Getting the Most Out of Gospel Principles
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“Getting the Most Out of Gospel Principles,” Ensign, Jan. 2011, 48–49

Getting the Most Out of Gospel Principles

Seven ways to improve your teaching.

One year ago the Church introduced the newly revised Gospel Principles manual as the curriculum for Melchizedek Priesthood and Relief Society classes and for the Sunday School class for new members, investigators, and members returning to activity. Teachers, class members, and recent converts alike have found the revised book a blessing. One recent convert from Argentina gave thanks for the book because it strengthened his testimony that our Heavenly Father and His Son, Jesus Christ, live. He read all of it in one month and it changed his life.

Another member appreciated the updating and republishing of the Gospel Principles manual. She loves the new images and format, but for her the best part was getting back to basics.

Helping members worldwide focus on the fundamental doctrines of the gospel is one of the key purposes of the current program of study. As Elder Russell M. Nelson of the Quorum of the Twelve Apostles said: “All Church members will benefit by a return to the basics. A careful study of core doctrines as presented in the new and improved Gospel Principles manual will help members strengthen their understanding of the fundamental teachings of the gospel.”1

The following ideas will help teachers make the most of this manual.

  1. Prepare in advance. Your lessons will be more successful if you carefully read the chapter materials, including all the scripture references, several days in advance and then prayerfully consider which ideas will best address the needs of class members. Many teachers are realizing that they can’t just walk into class and expect to be able to teach without preparing. The materials require them to think about their classes before they start teaching. Of course, lessons also tend to be more effective when members come to class having studied the chapter and related scriptures as well.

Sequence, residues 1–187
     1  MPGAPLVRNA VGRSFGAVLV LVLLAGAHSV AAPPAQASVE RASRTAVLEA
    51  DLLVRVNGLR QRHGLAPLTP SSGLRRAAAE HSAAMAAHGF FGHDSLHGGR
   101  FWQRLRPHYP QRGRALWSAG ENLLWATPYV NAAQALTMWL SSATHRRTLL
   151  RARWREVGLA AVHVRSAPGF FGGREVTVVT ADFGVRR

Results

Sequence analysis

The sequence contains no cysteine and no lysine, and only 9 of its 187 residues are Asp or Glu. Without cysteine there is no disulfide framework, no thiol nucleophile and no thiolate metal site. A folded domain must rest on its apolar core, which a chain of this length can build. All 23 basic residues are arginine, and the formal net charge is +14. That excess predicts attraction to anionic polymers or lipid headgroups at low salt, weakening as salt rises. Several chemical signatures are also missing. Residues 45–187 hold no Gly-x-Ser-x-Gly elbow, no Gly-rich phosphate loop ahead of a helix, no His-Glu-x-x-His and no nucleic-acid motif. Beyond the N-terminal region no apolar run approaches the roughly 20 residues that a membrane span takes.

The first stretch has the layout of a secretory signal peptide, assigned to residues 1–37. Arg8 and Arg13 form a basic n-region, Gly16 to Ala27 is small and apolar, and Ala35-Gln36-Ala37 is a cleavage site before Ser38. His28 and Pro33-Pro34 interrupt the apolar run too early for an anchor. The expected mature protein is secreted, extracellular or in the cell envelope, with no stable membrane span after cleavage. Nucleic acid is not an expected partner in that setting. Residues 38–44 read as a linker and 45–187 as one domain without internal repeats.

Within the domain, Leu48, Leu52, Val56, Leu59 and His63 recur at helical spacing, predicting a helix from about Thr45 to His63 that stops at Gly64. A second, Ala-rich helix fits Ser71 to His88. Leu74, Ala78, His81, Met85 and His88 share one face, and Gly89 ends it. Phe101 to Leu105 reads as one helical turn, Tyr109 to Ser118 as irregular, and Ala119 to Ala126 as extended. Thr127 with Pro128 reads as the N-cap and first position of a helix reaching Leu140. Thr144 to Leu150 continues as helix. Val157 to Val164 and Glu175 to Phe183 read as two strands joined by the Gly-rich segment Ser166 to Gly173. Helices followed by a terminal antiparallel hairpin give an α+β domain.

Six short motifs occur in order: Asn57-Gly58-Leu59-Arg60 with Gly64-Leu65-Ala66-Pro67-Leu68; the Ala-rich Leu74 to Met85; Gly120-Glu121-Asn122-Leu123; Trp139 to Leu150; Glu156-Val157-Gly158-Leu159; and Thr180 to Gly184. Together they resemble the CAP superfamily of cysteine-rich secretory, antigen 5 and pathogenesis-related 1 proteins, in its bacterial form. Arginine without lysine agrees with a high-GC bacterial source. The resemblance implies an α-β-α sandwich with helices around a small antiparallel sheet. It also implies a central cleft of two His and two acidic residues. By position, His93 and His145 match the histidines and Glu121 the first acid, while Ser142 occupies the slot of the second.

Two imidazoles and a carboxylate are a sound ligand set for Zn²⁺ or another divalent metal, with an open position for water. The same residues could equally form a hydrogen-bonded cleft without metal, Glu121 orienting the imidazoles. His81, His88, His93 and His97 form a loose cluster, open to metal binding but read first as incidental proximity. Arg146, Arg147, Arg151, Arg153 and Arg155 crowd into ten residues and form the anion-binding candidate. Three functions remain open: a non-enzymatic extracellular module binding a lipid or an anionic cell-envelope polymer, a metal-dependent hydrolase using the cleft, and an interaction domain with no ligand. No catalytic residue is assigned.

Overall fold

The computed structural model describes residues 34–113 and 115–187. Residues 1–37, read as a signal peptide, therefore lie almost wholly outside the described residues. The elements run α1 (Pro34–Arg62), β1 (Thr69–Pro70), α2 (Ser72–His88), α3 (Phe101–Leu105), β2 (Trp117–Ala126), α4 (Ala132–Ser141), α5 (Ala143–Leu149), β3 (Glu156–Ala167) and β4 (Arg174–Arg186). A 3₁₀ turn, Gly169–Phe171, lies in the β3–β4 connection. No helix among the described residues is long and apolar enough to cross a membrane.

2. Regularly review the introduction on pages 1–3. This section provides specific suggestions: love those you teach, teach by the Spirit, teach the doctrine, and invite diligent learning. Remember that the best teaching will encourage class members to see how gospel principles apply to daily living.

  3. Read the “For Teachers” suggestions in each chapter. They are drawn from Teaching, No Greater Call (see the URL at the end of this article) and may apply to any chapter or teaching situation, not just the chapter in which they are printed.

  4. Read from the materials in the text and the accompanying scriptures—in class. The text is wonderfully concise, direct, and easy to understand. And it contains the core doctrines of the gospel. This clarity will invite the Spirit and facilitate learning and discussion.

  5. Do not substitute outside materials, however interesting they may be. Although some additional materials may add to the lesson, the manual cautions: “Stay true to the scriptures and the words in the book. As appropriate, use personal experiences and articles from Church magazines to supplement the lessons.”2 There is a difference between supplementing material and substituting material. Appropriate supplemental materials include the scriptures, Church magazines, and uplifting personal experiences (see D&C 42:12–13).

  6. Use questions to inspire discussion. Class members can learn from one another when they share insights and uplifting experiences. “Use questions at the beginning of a section in a chapter to start a discussion and send class members … to the text to find more information. Use questions at the end of a section to help class members … ponder and discuss the meaning of what they have read and apply it in their lives.”3

  7. Testify of the truths you teach and invite class members to ponder the lesson. As you prayerfully prepare your lessons and ponder what would be best for your class, you will find this promise to be true: “Then shall your tongue be loosed; then, if you desire, you shall have my Spirit and my word, yea, the power of God unto the convincing of men” (D&C 11:21). You will then rejoice with those you teach, for you will both be edified by the Spirit in truth and virtue (see D&C 50:22).

Photography by Matt Reier